- Poor reporting of the project’s status
- Lack of resources
- Unmanaged risks
This is all very reassuring. I mentioned that I am a pilot and not a programmer. Given this, how do I know that the software testing that goes into an aircraft is more complete than that which goes into a cell phone? I have no way of knowing that. If a hydraulic pump on an aircraft engine fails, it is sent out and bench tested. A fault is found, and a directive is issued so that all other pumps can be inspected and fixed. All the operators who use those pumps are notified. It is a simple and time-tested procedure.
Does a software failure on one aircraft necessarily mean that item will fail on all aircraft? With the hydraulic pump we know that things such as temperature, lubrication, vibration, and other factors can cause the failure. How so with software? We are in a highly regulated business. Software and the people who write it are not. They are, for the most part, self-regulated. Once you are a certified as a software engineer, you can write for anyone who will hire you.
Just look at how often the “check engine” light illuminates on a car or truck. That is a computer program. From what I can find out, there is not much more that goes into the software for an aircraft as there is that vehicle.
How often are we faced with software failures in aviation? I suggest that we do not have a clue. Unlike the pump, a software problem can go unreported. With a software failure, maintenance usually just does a reset and the problem goes away and then may or may not reappear. I for one do not believe that we keep a complete record of these small failures. I have experienced it firsthand and I saw the reaction of both my company and the manufacturer.
In one case I was flying an Airbus. On descent, I was about to level at 10,000 feet. I was hand flying the aircraft with the auto-throttles off. I moved the throttles forward and got no response. At that point, I was cleared to 9000 ft. I told the first officer to check for a problem quickly. Everything was in the right place. Everything.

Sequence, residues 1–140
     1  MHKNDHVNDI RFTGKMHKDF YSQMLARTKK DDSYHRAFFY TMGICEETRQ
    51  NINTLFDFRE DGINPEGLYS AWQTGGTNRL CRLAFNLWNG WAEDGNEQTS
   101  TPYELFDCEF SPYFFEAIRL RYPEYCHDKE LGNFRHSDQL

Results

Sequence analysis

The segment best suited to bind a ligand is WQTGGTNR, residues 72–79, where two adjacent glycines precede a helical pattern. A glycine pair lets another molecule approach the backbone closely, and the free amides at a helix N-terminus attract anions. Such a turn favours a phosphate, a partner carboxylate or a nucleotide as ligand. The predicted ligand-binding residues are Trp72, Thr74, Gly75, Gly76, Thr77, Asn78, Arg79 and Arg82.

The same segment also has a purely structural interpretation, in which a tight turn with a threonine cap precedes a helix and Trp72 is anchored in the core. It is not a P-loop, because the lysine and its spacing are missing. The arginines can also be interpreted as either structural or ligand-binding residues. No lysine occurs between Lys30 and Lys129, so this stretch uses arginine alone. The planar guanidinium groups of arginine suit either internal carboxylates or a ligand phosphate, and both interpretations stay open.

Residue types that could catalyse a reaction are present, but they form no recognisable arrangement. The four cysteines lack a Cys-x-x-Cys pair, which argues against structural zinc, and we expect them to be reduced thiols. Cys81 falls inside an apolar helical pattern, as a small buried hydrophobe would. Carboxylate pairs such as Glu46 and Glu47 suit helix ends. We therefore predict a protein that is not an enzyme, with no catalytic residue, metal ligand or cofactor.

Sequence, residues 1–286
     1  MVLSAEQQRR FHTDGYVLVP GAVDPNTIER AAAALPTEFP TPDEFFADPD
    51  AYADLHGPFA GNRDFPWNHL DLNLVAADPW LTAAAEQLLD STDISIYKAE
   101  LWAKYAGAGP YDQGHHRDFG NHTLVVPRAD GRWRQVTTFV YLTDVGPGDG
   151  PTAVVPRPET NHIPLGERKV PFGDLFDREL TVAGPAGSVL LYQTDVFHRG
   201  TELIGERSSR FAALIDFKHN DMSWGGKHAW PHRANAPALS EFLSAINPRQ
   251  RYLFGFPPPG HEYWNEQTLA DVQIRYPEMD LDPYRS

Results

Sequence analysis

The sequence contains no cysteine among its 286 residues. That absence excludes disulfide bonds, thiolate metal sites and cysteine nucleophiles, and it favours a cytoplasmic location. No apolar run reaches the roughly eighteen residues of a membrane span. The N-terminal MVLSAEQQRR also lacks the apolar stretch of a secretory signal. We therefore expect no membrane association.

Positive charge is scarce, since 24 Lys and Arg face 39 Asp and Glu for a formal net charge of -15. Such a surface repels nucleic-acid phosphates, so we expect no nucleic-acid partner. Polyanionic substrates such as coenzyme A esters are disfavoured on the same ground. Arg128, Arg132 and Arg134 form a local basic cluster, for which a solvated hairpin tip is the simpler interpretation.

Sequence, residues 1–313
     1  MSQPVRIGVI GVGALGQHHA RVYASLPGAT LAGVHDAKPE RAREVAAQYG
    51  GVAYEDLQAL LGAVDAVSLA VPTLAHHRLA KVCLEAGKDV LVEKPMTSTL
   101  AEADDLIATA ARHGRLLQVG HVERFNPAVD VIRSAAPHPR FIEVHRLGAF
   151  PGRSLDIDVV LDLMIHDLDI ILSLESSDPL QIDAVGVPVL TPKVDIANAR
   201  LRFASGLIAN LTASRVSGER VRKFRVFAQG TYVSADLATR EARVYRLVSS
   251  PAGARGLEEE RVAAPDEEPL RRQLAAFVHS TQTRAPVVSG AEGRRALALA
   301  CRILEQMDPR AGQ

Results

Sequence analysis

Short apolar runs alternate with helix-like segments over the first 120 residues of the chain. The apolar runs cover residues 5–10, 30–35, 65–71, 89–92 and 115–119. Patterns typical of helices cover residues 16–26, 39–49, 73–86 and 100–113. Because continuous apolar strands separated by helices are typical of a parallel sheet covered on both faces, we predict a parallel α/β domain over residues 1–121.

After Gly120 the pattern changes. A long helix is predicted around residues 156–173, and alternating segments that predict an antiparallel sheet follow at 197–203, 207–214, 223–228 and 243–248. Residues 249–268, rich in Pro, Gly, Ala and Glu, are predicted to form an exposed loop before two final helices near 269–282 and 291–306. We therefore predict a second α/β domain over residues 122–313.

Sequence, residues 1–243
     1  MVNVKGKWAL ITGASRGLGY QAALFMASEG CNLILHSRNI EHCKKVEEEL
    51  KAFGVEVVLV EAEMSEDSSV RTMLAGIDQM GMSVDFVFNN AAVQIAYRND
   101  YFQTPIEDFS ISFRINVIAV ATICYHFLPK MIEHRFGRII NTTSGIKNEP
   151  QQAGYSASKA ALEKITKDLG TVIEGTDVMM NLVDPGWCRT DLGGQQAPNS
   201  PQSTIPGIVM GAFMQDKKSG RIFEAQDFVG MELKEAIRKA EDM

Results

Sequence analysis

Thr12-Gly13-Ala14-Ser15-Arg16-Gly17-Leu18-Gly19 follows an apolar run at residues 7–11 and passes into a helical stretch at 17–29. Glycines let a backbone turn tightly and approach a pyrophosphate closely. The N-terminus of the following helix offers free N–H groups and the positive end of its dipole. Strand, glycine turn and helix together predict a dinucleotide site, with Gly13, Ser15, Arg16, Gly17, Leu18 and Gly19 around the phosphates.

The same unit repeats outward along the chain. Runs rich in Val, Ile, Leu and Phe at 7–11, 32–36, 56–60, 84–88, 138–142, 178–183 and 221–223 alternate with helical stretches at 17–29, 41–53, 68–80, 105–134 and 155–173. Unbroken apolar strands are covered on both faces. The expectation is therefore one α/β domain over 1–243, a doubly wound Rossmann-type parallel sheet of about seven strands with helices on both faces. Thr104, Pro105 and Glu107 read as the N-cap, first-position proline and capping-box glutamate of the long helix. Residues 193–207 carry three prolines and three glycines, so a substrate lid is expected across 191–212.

Nothing I could do restored my control of engine power. I was cleared to 7000 feet and I knew that I would be staying there for some time. It was night and the weather was 400 overcast and I was nowhere near an airport I could glide to. At 7000 ft. I purposely let the speed decay to what is known on the Airbus as Alpha Floor. This is a computer program that Airbus installed so that the aircraft could not be stalled (not at all like Boeing’s MCAS). When Alpha Floor is reached, the aircraft is programed to go into TOGA thrust (take off and go-around). My hope was that if a computer glitch got me into this predicament, then the computer might just get me out of it. It did. The aircraft responded as it was supposed to, and everything was restored, and we landed without incident.
On landing I pulled the cockpit voice recorder and flight data recorder tapes and maintenance removed them. I did all that was required for such an incident and went to the hotel.
I was a commuter and when I returned home the next day, my wife was on the phone and told me it was for me. It was my company and Airbus in Toulouse, France. There was a great deal of concern over the incident—as there should have been. In the end, my company sent all the tapes to Airbus to investigate, they did not report it to the regulatory authorities and Airbus did a software change to all their aircraft using that system.